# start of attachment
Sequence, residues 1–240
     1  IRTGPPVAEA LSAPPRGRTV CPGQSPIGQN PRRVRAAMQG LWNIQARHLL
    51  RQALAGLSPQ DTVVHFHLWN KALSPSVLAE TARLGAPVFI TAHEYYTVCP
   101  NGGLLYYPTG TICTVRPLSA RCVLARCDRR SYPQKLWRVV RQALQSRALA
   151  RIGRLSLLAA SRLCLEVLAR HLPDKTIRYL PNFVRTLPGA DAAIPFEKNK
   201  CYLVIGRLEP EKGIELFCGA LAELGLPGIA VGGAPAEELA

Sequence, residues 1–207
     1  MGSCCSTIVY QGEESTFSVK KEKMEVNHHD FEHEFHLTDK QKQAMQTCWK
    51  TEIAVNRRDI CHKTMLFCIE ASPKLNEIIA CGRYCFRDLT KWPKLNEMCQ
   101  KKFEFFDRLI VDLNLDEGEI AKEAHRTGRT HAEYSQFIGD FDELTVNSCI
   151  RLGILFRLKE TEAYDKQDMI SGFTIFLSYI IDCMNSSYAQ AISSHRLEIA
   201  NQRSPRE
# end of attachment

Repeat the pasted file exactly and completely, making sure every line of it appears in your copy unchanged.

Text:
Sequence, residues 1–240
     1  IRTGPPVAEA LSAPPRGRTV CPGQSPIGQN PRRVRAAMQG LWNIQARHLL
    51  RQALAGLSPQ DTVVHFHLWN KALSPSVLAE TARLGAPVFI TAHEYYTVCP
   101  NGGLLYYPTG TICTVRPLSA RCVLARCDRR SYPQKLWRVV RQALQSRALA
   151  RIGRLSLLAA SRLCLEVLAR HLPDKTIRYL PNFVRTLPGA DAAIPFEKNK
   201  CYLVIGRLEP EKGIELFCGA LAELGLPGIA VGGAPAEELA

Sequence, residues 1–207
     1  MGSCCSTIVY QGEESTFSVK KEKMEVNHHD FEHEFHLTDK QKQAMQTCWK
    51  TEIAVNRRDI CHKTMLFCIE ASPKLNEIIA CGRYCFRDLT KWPKLNEMCQ
   101  KKFEFFDRLI VDLNLDEGEI AKEAHRTGRT HAEYSQFIGD FDELTVNSCI
   151  RLGILFRLKE TEAYDKQDMI SGFTIFLSYI IDCMNSSYAQ AISSHRLEIA
   201  NQRSPRE